was born in Toronto in 1958. In 1996, her first novel Fugitive Pieces established her as one of Canada’s most lauded authors. Winner of the Guardian Fiction Award, “ Fugitive Pieces has qualities one associates with poetry: intensity, precision, and a celebration of moments of vision.” Not straying from the truth, Michaels has published two collections of poetry: The Weight of Oranges (the Commonwealth Prize for the Americas, 1986) and Miner's Pond (Canadian Authors Award, 1991). Her third collection, Skin Divers, will be published later this year. “The present, like a landscape, is only a small part of a mysterious narrative.” Anne Michaels lives in Toronto.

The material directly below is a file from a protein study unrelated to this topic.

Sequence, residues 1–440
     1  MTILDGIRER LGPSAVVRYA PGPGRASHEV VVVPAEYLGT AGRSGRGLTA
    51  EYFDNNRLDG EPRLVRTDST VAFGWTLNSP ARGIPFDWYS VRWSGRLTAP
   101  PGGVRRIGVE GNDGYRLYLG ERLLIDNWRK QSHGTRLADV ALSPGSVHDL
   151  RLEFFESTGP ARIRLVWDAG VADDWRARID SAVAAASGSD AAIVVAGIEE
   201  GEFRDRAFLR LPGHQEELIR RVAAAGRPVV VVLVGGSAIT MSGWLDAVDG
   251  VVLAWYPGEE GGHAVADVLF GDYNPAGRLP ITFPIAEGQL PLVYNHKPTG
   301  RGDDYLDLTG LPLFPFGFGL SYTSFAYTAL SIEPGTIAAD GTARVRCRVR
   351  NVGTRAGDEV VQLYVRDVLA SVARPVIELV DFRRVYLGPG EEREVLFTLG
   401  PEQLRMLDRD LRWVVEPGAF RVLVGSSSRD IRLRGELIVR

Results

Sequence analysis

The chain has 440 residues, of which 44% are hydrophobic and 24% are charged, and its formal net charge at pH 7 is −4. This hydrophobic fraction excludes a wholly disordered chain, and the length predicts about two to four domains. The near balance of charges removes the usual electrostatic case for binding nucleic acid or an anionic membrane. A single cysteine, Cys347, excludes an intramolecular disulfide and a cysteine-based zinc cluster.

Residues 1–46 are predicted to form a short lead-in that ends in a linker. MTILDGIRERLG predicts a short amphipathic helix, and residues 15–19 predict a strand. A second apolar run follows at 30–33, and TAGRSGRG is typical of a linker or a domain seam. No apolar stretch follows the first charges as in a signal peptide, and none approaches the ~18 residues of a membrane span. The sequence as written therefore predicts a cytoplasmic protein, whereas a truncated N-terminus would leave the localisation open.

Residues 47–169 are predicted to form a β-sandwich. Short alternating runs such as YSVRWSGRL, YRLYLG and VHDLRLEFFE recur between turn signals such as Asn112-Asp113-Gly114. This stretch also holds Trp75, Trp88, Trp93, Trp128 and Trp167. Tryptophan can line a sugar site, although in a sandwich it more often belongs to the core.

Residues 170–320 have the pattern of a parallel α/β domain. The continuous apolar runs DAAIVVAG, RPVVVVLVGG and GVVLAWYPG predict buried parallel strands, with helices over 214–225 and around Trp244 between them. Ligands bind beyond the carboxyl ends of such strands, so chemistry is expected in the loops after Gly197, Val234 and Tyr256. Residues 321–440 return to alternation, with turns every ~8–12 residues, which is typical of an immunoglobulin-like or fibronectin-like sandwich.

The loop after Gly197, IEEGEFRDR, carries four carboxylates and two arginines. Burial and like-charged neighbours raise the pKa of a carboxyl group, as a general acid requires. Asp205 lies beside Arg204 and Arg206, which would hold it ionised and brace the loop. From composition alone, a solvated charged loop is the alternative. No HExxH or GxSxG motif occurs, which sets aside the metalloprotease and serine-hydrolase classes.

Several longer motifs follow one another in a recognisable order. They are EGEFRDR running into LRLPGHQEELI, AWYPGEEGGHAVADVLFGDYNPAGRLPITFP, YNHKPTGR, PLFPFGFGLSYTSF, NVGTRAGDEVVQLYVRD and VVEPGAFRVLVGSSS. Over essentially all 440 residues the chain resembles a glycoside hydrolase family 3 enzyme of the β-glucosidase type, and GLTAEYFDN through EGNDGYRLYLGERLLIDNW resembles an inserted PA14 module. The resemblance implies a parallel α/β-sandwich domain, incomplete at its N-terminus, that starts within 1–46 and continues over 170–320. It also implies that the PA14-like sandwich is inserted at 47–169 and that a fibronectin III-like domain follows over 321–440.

Fugitive Pieces (part)
The shadow past is shaped by everything that never happened. Invisible, it melts the present like rain through karst. A biography of longing. It steers us like magnetism, a spirit torque. This is how one becomes undone by smell, a word, a place, the photo of a mountain of shoes. By love that closes its mouth before calling a name.
I did not witness the most important events of my life. My deepest story must be told by a blind man, a prisoner of sound. From behind a wall, from underground. From the corner of a small house on a small island that juts like a bone from the skin of sea.